model program

Part 1: Expanding Model Programs in New York City

By Emily Rogan

ASAP at CUNY is working — and now it’s about to grow. Here’s how the system plans to build on the current model.

Editor’s Note: This is the first article in a two-part series about successful programs expanding in The City University of New York community college system.

When Accelerated Study in Associate Programs (ASAP) was introduced to 1,100 students at The City University of New York (CUNY) in 2007, the goal was to improve retention and outcome rates for full-time students.

To date, the program’s success is undeniable: ASAP students graduate at more than double the rate of non-ASAP students — 52 percent compared with 22 percent — according to CUNY officials. Another striking fact: Students who begin with developmental needs graduate at similar rates to those who begin with proficiency.

Now, CUNY leadership intends to grow the program significantly, from 7,500 students to 25,000 by the academic year 2018–19, says Donna Linderman, dean of Student Success Initiatives and executive director of ASAP. But what has the college learned so far, and how will it carry out the expansion? We take a closer look.

Building on a model that works

“The program model is remaining intact — a structured, full-time degree pathway with blocked classes, consolidated course schedule, intrusive advisement, developmental classes based on need, unlimited metro cards and tuition waivers — the essential ASAP experience is the same,” Linderman says.

Nine community colleges provide ASAP; by the time the program expands, all full-time students who matriculate at Bronx Community College will be enrolled in ASAP, Linderman says.

The expansion will include a heightened but not exclusive focus on STEM, she adds.

A commitment to funding

An undertaking of this size requires a long-term financial commitment from government agencies, and in some cases, private foundations.

“The City of New York has committed $77 million in new funds over the next four years to scale ASAP to 25,000 students,” Linderman says. “These funds will be baselined as a permanent allocation to CUNY in fiscal year 2019 to sustain ASAP at that level.”

If access to public resources is an issue, says Linderman, it’s crucial to look realistically at capacity and see how internal funds can be reallocated. “You can’t do this on the fly.”

Envision how the model will grow

What leads to a successful expansion? Imagining what the program looks like is essential. Planning recruitment, advisement, data collection and evaluation are some of the key areas on which to focus, Linderman has learned.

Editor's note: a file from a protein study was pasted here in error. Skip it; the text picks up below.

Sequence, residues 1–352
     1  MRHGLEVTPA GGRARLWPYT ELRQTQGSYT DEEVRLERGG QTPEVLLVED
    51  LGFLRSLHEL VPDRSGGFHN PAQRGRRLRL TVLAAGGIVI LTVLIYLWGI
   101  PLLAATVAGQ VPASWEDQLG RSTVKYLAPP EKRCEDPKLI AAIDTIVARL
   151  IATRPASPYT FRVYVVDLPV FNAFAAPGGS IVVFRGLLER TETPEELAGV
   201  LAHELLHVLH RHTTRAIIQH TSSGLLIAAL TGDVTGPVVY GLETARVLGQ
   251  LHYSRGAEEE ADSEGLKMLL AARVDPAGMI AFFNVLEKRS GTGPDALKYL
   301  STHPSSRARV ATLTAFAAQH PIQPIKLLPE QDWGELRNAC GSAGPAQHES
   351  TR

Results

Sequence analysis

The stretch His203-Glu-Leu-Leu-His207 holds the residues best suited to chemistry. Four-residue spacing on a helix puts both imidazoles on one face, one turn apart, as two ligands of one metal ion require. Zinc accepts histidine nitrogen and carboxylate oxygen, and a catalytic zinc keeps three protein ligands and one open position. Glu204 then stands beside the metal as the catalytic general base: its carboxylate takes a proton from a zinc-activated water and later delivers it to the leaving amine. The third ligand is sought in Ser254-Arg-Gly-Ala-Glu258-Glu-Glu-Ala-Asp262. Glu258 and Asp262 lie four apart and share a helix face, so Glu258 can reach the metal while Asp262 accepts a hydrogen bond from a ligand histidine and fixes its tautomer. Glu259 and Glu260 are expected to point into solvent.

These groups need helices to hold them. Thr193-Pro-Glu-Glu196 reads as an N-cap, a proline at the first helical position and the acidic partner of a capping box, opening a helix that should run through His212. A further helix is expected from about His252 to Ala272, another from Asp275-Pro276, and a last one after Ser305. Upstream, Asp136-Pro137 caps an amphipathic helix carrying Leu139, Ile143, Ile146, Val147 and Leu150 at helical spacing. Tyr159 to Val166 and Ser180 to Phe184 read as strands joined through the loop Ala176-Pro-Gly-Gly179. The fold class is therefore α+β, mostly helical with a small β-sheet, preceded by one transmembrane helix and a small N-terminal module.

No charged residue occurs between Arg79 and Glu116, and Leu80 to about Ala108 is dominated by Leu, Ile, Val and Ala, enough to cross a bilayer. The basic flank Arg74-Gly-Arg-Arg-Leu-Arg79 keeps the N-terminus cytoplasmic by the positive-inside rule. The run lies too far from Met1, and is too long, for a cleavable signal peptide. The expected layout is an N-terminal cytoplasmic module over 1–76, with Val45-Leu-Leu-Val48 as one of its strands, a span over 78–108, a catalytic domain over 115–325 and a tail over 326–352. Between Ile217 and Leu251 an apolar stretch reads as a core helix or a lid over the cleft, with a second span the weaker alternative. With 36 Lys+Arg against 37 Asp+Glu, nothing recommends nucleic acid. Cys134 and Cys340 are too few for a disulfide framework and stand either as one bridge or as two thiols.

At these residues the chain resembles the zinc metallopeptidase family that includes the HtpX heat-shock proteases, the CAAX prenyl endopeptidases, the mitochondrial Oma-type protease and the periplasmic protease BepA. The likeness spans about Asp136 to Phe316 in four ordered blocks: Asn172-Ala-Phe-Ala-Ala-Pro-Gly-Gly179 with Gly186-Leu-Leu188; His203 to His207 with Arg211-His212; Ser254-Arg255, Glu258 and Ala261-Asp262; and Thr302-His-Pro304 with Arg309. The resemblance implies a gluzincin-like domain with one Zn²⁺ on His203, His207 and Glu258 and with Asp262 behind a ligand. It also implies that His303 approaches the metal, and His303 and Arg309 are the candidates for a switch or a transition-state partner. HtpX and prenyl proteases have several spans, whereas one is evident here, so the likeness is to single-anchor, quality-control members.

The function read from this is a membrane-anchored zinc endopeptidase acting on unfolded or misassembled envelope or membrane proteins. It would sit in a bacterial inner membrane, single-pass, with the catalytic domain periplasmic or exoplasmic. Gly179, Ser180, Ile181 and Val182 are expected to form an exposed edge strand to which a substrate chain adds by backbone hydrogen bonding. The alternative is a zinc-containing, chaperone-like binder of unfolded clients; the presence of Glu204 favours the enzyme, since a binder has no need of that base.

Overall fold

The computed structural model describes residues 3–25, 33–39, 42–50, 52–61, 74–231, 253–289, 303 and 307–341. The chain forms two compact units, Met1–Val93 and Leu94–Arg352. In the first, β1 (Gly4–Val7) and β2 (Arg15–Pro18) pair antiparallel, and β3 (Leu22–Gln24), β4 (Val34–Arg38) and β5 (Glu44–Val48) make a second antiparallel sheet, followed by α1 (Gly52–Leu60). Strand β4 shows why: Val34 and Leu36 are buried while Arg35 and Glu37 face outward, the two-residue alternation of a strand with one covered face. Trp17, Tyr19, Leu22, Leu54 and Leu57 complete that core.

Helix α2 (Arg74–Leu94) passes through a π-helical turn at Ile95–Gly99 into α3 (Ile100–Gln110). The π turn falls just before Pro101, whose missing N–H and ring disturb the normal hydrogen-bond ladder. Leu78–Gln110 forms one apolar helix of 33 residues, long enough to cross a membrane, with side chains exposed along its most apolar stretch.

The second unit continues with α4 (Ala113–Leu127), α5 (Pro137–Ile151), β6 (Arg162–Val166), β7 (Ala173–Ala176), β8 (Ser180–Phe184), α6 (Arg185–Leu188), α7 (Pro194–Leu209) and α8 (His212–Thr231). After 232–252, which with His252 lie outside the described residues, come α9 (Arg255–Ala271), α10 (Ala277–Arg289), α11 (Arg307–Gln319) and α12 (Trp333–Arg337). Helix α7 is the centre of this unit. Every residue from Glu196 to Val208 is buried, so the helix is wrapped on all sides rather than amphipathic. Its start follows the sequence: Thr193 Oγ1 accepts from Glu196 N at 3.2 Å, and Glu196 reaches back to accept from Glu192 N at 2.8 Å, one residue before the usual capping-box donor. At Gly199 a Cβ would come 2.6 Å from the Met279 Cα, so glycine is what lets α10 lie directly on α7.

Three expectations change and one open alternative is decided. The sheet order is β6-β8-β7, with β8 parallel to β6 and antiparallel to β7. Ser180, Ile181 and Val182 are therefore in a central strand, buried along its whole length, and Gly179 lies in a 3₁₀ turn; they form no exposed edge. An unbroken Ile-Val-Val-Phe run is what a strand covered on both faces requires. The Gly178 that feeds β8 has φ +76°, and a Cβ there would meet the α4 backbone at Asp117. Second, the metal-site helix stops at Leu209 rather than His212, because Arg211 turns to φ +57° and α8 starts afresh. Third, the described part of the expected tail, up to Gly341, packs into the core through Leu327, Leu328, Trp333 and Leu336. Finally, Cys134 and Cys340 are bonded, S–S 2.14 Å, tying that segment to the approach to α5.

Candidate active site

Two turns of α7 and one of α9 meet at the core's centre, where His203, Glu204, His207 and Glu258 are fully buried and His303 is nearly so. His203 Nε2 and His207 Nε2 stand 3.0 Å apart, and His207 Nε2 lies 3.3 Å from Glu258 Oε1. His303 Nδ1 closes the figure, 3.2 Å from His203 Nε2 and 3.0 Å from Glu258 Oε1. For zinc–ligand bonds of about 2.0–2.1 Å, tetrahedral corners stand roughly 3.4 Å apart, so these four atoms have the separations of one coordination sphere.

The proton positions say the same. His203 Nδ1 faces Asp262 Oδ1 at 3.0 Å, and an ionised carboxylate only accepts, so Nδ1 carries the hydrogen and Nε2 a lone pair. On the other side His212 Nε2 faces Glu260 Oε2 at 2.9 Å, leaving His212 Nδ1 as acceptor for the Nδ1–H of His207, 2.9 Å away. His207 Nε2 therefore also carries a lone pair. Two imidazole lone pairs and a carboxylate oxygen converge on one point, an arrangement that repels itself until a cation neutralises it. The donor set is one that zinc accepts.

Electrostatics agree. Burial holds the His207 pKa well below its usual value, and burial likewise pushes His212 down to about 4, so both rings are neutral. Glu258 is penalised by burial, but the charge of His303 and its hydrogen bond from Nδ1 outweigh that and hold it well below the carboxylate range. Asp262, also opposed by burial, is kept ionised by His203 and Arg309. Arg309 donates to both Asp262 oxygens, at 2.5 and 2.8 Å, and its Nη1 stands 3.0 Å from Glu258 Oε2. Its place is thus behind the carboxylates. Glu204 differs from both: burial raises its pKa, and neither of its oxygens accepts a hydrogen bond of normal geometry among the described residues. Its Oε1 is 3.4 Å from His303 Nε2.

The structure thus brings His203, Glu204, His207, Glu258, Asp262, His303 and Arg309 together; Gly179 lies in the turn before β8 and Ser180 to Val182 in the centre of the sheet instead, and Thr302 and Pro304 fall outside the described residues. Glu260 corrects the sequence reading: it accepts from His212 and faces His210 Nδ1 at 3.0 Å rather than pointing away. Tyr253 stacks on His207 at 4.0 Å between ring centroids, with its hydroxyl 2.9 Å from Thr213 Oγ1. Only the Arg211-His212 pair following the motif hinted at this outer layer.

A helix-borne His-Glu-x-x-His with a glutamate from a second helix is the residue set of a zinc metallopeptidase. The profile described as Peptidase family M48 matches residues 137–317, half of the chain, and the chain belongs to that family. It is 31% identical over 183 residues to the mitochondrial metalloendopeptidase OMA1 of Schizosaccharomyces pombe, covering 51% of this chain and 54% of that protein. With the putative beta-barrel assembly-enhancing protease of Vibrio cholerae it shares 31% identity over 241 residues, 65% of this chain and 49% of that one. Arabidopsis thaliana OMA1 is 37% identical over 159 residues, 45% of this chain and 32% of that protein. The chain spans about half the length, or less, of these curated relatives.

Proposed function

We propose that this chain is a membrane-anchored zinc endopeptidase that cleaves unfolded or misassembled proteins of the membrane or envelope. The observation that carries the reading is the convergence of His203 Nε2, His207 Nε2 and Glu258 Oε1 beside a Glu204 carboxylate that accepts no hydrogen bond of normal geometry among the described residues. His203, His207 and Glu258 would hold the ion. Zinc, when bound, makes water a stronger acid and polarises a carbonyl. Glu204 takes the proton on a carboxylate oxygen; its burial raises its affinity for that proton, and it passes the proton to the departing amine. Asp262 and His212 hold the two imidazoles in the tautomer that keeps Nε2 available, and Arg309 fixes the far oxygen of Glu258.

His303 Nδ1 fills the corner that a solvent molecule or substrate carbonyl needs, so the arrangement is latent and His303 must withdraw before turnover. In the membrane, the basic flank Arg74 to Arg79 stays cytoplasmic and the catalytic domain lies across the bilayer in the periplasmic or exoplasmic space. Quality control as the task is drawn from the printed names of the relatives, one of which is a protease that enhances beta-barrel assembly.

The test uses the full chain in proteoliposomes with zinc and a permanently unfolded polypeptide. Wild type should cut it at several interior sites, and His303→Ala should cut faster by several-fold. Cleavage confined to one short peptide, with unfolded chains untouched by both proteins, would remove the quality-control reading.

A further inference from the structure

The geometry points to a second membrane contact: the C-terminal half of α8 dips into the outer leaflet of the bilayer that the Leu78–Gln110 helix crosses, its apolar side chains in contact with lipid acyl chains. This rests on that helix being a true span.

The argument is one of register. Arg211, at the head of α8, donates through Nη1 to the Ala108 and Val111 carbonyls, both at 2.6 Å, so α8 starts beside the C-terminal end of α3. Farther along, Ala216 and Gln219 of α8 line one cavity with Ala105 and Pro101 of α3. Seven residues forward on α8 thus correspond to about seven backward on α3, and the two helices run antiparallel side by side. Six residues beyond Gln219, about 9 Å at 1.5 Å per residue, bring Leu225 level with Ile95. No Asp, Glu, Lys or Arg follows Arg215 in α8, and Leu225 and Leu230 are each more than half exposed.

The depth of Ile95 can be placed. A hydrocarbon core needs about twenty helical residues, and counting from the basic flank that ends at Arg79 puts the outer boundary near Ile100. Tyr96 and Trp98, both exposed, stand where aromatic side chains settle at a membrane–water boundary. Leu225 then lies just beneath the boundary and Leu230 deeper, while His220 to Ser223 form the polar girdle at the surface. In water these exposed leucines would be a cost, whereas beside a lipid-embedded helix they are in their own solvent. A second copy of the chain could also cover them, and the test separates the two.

“Put the time in to understand your model, do planning, put the right staff in place and pay incredibly close attention to details,” Linderman says.

You must also “invest heavily in finding the right key staff,” she adds. “You need advisers who are good at thinking about the whole student. You need the right program manager. A bad hire can be very detrimental to your success.”

And finally, use data to make decisions — that’s at the heart of the expansion’s success. Do you have benchmarks and solid infrastructure on campus to track student progress? “We have a really tight system of monitoring the program, and we’re building out a robust research evaluation agenda,” Linderman says.

Leaders must collaborate

When ASAP began, says Linderman, the then chancellor of CUNY took a strong stand to improve graduation rates. The current chancellor has continued to support that mission through the expansion initiative.

“I think it’s essential for top leadership to establish a specific goal, and it has to be communicated to every single person,” says Linderman.

At the same time, there must be a cohesive relationship between the program director and the academic units at the colleges. CUNY has more than 150 faculty and staff members working in a “highly integrated manner,” Linderman says.

“We are able to be effective through excellent coordination and collaboration at all levels,” she says.

Take a closer look at the ASAP model to see if it’s right for your college or system.

Stay tuned for tomorrow’s post on another successful program at CUNY.

Emily Rogan

is a contributor to the 21st-Century Center.

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